two peculiar courts of the Diocese of Rochester brings together
all the 6,300 or so entries into a single alphabetical sequence.
Each entry shows the name and surname of the testator or
intestatee, the parish of residence occupation and/or marital
status, the year and month of the grant, and the issuing court.
The index is preceded by a comprehensive and lucid account of
the material indexed (citing CKS references), a summary of
abbreviations, and further extremely valuable indexes of
parishes, other locations, and occupations. All original wills
and administration bonds have also been check and, as Dr Wright
says, some entries accidentally omitted from the probate act
books have now been rescued from oblivion.
The value of such resources which can be accessed
at the researcher’s convenience cannot be over-estimated, as
they not only save time and expense in visiting archives, but
can also ensure that all such visits can be planned and used to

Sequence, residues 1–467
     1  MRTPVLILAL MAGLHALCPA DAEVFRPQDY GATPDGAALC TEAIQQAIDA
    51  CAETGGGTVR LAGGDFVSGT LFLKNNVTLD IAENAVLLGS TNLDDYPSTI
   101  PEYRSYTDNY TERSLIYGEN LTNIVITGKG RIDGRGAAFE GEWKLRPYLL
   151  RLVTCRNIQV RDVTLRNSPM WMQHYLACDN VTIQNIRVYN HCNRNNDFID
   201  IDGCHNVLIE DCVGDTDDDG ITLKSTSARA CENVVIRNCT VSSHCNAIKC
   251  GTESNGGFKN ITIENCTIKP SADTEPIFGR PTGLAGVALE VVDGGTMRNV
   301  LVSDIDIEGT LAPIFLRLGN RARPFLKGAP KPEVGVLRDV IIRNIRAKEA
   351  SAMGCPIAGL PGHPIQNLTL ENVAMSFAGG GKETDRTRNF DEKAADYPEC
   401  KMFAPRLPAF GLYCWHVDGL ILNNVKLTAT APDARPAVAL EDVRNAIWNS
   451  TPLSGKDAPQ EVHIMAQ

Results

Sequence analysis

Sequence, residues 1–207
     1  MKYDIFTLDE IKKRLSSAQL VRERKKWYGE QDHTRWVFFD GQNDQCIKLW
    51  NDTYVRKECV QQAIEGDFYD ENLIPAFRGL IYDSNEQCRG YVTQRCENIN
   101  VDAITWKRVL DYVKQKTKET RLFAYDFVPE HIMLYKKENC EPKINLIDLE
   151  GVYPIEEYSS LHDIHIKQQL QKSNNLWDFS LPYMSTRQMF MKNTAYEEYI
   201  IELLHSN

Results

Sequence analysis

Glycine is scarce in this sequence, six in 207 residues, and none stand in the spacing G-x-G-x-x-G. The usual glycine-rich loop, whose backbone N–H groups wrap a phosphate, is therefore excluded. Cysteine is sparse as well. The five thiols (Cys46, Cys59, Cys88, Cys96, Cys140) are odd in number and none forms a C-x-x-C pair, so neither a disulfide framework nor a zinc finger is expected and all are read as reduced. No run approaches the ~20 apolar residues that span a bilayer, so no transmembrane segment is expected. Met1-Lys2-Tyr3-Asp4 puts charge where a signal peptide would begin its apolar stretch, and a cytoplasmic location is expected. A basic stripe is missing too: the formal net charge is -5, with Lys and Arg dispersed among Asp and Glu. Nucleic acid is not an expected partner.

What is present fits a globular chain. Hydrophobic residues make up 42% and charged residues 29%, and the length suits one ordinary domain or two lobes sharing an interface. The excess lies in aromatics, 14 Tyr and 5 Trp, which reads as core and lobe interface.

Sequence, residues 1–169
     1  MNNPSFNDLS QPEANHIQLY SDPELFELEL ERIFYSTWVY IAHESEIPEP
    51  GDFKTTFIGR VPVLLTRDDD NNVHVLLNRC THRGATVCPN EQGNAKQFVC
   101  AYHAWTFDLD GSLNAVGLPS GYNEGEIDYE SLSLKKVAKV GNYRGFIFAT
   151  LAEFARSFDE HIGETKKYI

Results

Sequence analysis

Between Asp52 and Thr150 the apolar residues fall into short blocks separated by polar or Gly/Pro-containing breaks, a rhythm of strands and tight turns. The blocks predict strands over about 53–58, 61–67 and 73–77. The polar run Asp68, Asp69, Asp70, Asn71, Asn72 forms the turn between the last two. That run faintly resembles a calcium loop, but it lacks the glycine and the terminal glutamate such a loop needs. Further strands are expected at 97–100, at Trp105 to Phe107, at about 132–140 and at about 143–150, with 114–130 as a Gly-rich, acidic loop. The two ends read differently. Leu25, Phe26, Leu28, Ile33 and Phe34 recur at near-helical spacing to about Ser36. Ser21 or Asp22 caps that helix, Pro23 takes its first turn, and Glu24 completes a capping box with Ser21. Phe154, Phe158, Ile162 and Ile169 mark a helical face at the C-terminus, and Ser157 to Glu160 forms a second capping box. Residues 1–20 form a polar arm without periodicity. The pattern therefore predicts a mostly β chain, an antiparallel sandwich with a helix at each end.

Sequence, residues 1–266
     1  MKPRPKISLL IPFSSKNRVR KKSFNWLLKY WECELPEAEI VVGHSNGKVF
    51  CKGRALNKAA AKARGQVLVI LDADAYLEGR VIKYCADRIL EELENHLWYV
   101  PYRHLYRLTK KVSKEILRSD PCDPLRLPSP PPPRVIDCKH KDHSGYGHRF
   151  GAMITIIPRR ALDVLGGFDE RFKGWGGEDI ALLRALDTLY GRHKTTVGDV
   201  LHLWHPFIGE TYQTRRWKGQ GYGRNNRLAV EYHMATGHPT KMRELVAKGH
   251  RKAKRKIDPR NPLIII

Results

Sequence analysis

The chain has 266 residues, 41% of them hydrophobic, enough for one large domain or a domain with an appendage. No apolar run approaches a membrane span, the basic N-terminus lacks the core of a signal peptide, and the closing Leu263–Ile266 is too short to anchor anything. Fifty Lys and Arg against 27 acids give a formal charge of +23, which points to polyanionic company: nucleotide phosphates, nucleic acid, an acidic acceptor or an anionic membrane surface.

the greatest effect.
Living in Kent, a family history 1289-1900. By Michael
Crux. 124 pp. B/w illustrations and maps throughout. 2005.
Paperback £9.95 from the Fleur de Lis Heritage Centre,
Faversham; Baggins Book Bazaar, 19 High Street, Rochester or
£12.50, incl. p+p, from the author at Helios House, The Street,
Barham, Canterbury, Kent CT4 6NZ.
The increasing fascination with, and involvement in, family
history studies can rarely be as satisfying as Michael Crux’s
successful investigation of his family’s history providing a
line of descent from 1289. Rather than a personal genealogy
starting from the present and going back to the eighteenth or
nineteenth century, he has produced a fascinating family history
up to 1900. A family that was wealthy enough to leave wills and
property and, despite some misfortunes, on the whole remained
within the same commercial/farming class in Kent, has provided
enough evidence to provide snapshots of the economic and social
history of the county. The range of illustrations, maps and
local developments mentioned in the text, while relating closely
to the Crux family history, will also be of much wider interest
and possible use to other family historians